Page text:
Chandima ‘Chammi’ Rajapatirana
Chandima is a poet and advocate who lives and works in Sri Lanka. He is 39. He started communicating by typing in 1991 while living in the United States with his family. In his poetry, essays and presentations, he examines and explains his experience of autism, especially movement difficulties and anxiety. From 2003 to 2006, Chandima gave presentations and trainings on communication at Syracuse University. He is the co-founder and co-president of E.A.S.E. (Educate, Advocate, Support, Empower) Foundation in Sri Lanka. The foundation is dedicated to bringing alternative communication techniques to people who need them and to helping people with disabilities live productive stimulating lives. For more information on E.A.S.E., go to: http://www.easesrilanka.org .
Chammi has been involved in the creation of a short film called, "Hear Me Now", based on his poem, "The Potter". This film was shown at the 2015 United Nations Enable Film Festival. He is also the author of the book, "Traveler's Tales: My Journey with Autism" published in 2015 and available digitally at: https://www.amazon.com/Travelers-Tales-My-Journey-Autism-ebook/dp/B017NZJ1AE .
My Visit To Vermont
Verdant Vermont assists my spirits to lift. Expecting cold I found warmth, sizzling heat of laughter and friendship. Sassy Henna’s fiery hair matched the autumn leaves.
My trip to Vermont was a surprise. We had come to the US to visit family and attend a communication s ymposium in California. Nibbling my nails I hoped I could get to the film premiere.
Vermont gave me a glimpse of what it might be to have the face of a (dare say) celebrity! To have people recognize me, say my work is valued and needed dazzled me. Can I say this is easily the very best time of my life; doleful, onerous, bitter life simply blooming now.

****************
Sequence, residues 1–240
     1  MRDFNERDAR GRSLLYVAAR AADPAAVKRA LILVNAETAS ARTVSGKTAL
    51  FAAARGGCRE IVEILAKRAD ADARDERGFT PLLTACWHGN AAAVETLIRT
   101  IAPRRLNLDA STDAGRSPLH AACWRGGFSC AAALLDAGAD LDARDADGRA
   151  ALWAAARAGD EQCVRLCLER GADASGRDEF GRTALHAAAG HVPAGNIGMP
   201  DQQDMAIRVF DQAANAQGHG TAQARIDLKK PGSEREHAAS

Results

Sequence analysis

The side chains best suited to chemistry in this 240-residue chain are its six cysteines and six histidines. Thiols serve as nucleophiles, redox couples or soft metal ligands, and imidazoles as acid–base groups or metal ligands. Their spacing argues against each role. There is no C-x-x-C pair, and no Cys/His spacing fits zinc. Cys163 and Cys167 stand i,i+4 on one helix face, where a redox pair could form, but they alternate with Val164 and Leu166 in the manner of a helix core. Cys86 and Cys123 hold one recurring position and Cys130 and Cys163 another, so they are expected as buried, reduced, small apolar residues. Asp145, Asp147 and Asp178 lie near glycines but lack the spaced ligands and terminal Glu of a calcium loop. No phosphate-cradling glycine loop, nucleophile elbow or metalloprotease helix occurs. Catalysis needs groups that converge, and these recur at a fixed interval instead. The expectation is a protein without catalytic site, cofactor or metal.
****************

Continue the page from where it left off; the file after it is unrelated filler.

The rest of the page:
I escaped the fetters of autism (sigh) if only for a brief week. In Vermont I was with other self-advocates insisting that the world stops rejecting our being awesomely intelligent. Grouping myself with the other travelers I hope to bring great change to dolefully archaic attitudes that exist in the world about us non-verbal people.
On Being Mute
Being mute is like having your brain gouged out. Autism/Apraxia took away my voice, and a world that equates muteness with stupidity took everything else. Yes, it really is as if my brain were gouged out. It hurts so much I want to scream. Pouring all my pain into my voice I want to scream till that searing sound fills my body, my soul, and my world shattering us all into a million fiery shrieking pieces. As an experiment just try keeping your mouth shut for a day. Just try keeping your mouth shut while they talk about you, telling your mother to put you away in an institution. You want to scream, “No, no, no” but you are mute. Cursed pity is I am mute for a lifetime.
A system that focused only on my disabilities deprived me of an education. Fortunately a determined Mom salvaged me. She searched the world over until she found a way my voice could be as loud as yours. There are many of you who still deny me my brain, but there are more of us now. More of us mute people who have found our voices through Facilitated Communication (FC) and our awesome voices insist that you deny our abilities no more.
Denied my abilities I can only get a job that will feed neither my body nor my soul. Recognize my abilities, give me a computer and for now a Facilitator and I will be able to write. What could I write about? I could begin with traveler’s tales. Yes, traveler’s tales. Traveler’s tales not about slogging through jungles or sailing across uncharted seas. I am a traveler ebulliently engaged on a unique journey between worlds. Between the quirky world of autism that I inhabit and the wearying world of “normal” that I would like to explore.
When you judge me by my muteness and deny me the power of my intellect we all lose. Ignorance and the lack of assistive technology held us autistic people hostage in the past. How many people lived alone and abandoned, how many lives lost? Hear me now. Ignorance and prejudice still hold too many of us in that silent abyss.
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